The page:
Dr. Chris Hazard obtained his PhD in computer science from NC State on artificial intelligence for trust and reputation. He has worked in and been published in a variety of fields from wireless network infrastructure as a software architect at Motorola, to psychology as part of a post-doc at NCSU, to hypnosis with the National Guild of Hypnotists, to robotics at Kiva Systems, to privacy law working with the Future of Privacy Forum.
Dr. Hazard is most publicly known for leading the devolpment of the 2011 Hazardous Software® game Achron, which won GameSpot’s Best Original Game Mechanic award, and also for his research on game design, for which he has given keynote speeches at major conferences. He has won numerous academic and programming awards, including a best paper award in an international conference, the North Carolina State University Dean’s Fellowship and Valparaiso University Board of Directors’ Independent Research Award.
He obtained his B.S. in computer science from Valparaiso University with departmental honors.
More From Chris
I completed my PhD and was also a post doctoral researcher under Munindar Singh on using discount factor as a basis for reputation in market interactions. My earlier work was on resource allocation in autonomous robot physical distribution systems, multi-agent decision models exhibiting economy of scale effects, and bandwidth allocation in distributed wireless environments using a multi-agent model. My primary interests are in emergent behavior, strategic behavior, and scalability as they pertain to multi-agent systems. However, I believe that using an interdisciplinary approach is very valuable and have gained wide experience in a number of fields:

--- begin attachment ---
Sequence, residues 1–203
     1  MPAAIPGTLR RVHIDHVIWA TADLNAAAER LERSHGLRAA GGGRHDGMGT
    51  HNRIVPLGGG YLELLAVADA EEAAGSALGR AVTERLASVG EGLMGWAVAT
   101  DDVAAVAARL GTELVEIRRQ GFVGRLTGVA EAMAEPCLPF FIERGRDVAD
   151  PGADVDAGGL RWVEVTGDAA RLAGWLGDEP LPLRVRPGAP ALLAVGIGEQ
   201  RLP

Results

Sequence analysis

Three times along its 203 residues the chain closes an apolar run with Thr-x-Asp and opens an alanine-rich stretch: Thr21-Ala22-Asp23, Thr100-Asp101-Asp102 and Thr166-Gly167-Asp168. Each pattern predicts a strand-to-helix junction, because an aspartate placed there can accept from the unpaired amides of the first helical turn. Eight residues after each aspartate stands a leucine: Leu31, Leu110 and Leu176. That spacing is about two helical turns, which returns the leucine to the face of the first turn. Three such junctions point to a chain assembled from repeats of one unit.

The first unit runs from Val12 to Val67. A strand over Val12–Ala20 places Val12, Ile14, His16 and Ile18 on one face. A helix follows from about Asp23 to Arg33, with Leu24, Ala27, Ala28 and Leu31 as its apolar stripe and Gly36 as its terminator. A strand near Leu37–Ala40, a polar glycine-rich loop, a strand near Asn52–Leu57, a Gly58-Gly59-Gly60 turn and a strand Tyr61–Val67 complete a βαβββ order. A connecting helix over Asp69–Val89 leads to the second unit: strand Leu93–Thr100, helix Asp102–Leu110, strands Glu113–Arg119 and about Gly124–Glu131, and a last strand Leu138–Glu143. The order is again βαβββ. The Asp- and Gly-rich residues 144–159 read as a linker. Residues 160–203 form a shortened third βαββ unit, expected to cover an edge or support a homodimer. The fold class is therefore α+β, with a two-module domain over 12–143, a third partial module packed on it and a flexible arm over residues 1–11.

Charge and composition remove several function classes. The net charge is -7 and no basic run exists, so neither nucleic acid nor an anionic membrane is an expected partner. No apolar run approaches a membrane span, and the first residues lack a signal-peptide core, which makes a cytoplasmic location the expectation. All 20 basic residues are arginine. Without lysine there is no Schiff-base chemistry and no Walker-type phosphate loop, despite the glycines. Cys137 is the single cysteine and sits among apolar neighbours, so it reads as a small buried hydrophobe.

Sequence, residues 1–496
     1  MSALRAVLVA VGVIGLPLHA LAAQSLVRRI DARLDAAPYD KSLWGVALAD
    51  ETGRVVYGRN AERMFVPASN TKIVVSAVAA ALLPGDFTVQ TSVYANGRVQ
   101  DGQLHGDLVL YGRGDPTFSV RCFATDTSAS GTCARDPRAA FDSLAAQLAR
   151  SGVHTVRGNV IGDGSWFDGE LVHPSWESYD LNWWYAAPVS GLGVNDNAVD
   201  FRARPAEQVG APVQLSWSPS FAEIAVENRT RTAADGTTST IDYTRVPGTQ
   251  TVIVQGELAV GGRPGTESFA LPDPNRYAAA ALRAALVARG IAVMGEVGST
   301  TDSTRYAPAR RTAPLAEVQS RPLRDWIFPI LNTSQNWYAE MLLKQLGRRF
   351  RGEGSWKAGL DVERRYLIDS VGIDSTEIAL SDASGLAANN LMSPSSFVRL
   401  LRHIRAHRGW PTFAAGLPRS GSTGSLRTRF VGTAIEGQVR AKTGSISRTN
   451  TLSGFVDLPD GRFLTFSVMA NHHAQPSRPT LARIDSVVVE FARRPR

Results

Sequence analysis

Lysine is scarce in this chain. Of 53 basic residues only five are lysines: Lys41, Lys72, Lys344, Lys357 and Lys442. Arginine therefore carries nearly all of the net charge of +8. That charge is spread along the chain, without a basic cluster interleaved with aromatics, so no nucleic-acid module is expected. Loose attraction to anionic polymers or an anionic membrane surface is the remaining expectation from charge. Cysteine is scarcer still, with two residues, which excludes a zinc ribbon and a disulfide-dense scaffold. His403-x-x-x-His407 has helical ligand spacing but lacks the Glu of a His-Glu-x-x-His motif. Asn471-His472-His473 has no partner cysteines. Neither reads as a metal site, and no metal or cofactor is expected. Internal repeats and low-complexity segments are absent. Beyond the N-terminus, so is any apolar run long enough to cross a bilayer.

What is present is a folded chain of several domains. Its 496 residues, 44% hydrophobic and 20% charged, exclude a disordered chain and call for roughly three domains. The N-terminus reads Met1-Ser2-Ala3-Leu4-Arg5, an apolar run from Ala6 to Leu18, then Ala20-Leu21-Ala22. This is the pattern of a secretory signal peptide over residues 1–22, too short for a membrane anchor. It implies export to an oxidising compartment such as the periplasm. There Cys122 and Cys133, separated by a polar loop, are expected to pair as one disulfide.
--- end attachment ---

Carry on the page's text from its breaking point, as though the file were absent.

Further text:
- Computer architecture (participated in Yan Solihin’s research group from 2004-2006)
- Programming languages and compilers (Written 7 compilers/interpreters)
- Distributed computing (Honors undergraduate work)
- 3-D graphics rendering
- Simulation/Discrete event systems (at Motorola and Kiva Systems)
- Cellular Automata
- Software Engineering (See ‘CV’)
- Information theory
- Computer networks (See ‘CV’)
My current work is on building theory in multi-agent systems to work in proxy for humans in gaming environments and economic transactions. My primary focus in this area is on measuring reputations and agent types, and strategically enacting upon that knowledge
I also have an interest in physics, electrical engineering, and theory of computation.
Projects & Tools:
- My first real program after HelloWorld, a 3D graphic editor completely written in hand-optimized x86 assembly (with z-buffering, texturemapping, lighting, anti-aliasing, etc.). [Source and binary] (1997-1998)
- Distributed Computing Honors Project [Thesis] [Source] (2001)
- Utility to protect files against corruption [protect.c] (2004)